When the final grand charge was made, the regiment moved at nearly right angles with the rebel front. The brigade charged gallantly, and the entire line, making a left wheel, came down on his flank, while engaging the Sixth Corps, when he went “whirling up the valley” in confusion. In the pursuit to Fisher’s Hill, the regiment led, and upon its arrival was placed on the skirmish line, where it remained until twelve o’clock noon of the following day. The army was attacked at early dawn…no respite was given to take food until the pursuit was ended.

By the end of combat that day, more than 170 members of the 47th Pennsylvania Volunteers—nearly two full companies of the regiment—had been declared as killed, wounded, missing, or captured.

Given a slight respite after Cedar Creek, the men of the 47th were quartered at the Union’s Camp Russell near Winchester from November through most of December before receiving orders to assume outpost duty at Camp Fairview in Charlestown, West Virginia just five days before Christmas.


Spectators massing for the Grand Review of the Armies, 23-24 May 1865, at the side of the crepe-draped U.S. Capitol, flag at half mast following the assassination of President Abraham Lincoln (Matthew Brady, U.S. Library of Congress, public domain).

By February of 1865, the 47th Pennsylvania was assigned to the Provisional Division of the 2nd Brigade of the Army of the Shenandoah.

By 19 April, the regiment was back in Washington, D.C., ordered there to defend the nation’s capital again following the assassination of President Abraham Lincoln. While serving in the 2nd Brigade of the Department of Washington’s 22nd Corps (Dwight’s Division), the 47th also participated in the Union’s Grand Review of the Armies on 23-24 May. Captain Levi Stuber of Company I was also promoted to the rank of Major with the regimental command staff during this time.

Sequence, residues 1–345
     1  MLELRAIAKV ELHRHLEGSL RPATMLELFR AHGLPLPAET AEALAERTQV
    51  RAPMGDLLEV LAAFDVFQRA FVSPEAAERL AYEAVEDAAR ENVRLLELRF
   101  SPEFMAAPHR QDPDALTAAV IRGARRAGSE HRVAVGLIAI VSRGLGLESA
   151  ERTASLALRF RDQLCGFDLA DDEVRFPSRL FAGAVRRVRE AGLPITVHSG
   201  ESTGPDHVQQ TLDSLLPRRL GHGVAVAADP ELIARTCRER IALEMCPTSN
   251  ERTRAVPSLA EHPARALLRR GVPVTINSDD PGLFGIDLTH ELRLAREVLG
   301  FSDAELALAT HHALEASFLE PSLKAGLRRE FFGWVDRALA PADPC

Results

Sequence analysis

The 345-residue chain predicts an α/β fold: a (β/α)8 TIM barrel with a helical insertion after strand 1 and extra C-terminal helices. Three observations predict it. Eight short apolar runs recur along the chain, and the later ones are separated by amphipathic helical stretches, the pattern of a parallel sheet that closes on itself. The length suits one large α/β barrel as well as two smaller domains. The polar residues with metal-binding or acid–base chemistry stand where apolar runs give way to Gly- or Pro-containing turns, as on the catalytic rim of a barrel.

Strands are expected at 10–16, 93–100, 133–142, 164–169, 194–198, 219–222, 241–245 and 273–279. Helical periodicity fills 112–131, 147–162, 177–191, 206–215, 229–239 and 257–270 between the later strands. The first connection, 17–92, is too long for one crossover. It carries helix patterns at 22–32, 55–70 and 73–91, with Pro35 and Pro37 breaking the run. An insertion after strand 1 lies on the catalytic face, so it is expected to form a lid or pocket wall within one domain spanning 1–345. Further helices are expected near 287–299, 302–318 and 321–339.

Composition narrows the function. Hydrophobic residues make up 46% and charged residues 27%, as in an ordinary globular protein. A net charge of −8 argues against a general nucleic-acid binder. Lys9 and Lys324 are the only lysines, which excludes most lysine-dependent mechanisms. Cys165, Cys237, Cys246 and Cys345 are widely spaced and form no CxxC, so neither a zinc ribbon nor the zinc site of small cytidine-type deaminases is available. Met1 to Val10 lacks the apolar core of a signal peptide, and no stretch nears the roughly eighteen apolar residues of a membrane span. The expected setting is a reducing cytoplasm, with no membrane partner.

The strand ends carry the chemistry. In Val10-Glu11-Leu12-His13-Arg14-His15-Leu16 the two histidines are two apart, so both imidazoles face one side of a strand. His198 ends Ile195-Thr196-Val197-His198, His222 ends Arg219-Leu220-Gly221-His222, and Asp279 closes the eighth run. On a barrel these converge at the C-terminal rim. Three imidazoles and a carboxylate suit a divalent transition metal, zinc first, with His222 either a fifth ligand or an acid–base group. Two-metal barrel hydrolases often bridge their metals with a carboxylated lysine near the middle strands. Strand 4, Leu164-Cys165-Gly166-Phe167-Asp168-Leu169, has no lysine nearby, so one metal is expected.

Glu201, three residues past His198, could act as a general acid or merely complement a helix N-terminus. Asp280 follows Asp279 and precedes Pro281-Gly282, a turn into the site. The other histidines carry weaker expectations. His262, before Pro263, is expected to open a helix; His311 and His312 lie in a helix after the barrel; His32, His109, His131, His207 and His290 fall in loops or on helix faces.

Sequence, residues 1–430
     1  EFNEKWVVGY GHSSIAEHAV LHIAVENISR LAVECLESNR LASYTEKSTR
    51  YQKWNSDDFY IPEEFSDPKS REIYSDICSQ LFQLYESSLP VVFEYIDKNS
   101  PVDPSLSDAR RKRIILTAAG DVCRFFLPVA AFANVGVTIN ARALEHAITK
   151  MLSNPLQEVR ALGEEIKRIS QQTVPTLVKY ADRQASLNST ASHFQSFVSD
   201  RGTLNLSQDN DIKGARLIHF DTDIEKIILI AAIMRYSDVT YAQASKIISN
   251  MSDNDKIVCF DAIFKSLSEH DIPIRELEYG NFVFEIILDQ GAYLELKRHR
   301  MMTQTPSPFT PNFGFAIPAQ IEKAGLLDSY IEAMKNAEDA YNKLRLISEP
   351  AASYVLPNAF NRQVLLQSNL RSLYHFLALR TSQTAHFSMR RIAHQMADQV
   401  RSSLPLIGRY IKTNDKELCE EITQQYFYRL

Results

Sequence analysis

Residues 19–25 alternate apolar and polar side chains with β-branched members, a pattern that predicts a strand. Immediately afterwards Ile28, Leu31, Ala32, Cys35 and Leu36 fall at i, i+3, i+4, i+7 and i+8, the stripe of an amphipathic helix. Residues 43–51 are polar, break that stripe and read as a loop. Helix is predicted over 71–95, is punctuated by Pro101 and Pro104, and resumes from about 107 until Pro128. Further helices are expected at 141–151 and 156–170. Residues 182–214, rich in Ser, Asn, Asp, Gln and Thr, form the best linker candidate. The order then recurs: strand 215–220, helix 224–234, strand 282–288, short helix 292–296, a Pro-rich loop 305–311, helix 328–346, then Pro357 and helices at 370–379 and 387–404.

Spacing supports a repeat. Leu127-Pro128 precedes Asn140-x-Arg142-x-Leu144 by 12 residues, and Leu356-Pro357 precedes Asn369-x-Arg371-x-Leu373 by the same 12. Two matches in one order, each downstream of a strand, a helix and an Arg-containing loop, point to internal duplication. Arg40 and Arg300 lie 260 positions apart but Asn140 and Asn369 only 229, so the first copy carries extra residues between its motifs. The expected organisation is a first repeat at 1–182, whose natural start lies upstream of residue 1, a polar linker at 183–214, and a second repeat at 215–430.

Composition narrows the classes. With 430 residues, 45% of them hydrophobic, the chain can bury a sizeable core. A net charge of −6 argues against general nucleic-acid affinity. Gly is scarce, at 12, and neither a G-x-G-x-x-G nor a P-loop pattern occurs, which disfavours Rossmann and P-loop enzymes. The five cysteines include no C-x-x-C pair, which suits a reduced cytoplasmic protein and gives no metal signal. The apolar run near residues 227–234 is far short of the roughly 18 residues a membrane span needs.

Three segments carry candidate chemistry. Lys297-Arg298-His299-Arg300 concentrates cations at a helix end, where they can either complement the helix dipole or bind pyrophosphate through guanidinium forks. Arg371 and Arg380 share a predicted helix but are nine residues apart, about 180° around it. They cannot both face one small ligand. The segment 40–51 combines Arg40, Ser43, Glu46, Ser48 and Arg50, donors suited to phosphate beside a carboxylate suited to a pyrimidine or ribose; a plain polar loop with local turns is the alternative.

Letters home during this period and interviews conducted in later years with survivors of the 47th Pennsylvania confirm that at least one member of the 47th was given the honor of guarding President Lincoln’s funeral train while still others were assigned to guard duties at the prison where Mary Surratt and the other alleged Lincoln assassination conspirators were being held during the early days of their imprisonment.

Ruins of Charleston, South Carolina as seen from the Circular Church, 1865 (U.S. National Archives, public domain).

Taking one final swing through the South, the 47th served in Savannah, Georgia from 31 May to 4 June as part of the Department of the South’s 3rd Brigade (Dwight’s Division) and at Charleston, South Carolina beginning in June.

Duties during this time were Provost (military police) and Reconstruction-related, including rebuilding railroads and other key aspects of the region’s infrastructure that had been damaged or destroyed during the long war. Sadly, the 47th Pennsylvanians would be called upon during the opening days of September to investigate, arrest and prosecute one of their own.

Court martial of Corporal Lewis H. Seip for his September 1865 thefts from Private Godfrey Assenheimer (11 October 1865, Charleston Daily News, South Carolina, public domain).

According to a Supplement to the Charleston Daily News, which was published on 11 October 1865, Corporal Lewis Seip of the 47th Pennsylvania was charged with theft from fellow B Company soldier Private Godfrey Assenheimer. The newspaper presented the details of Seip’s court martial case as follows: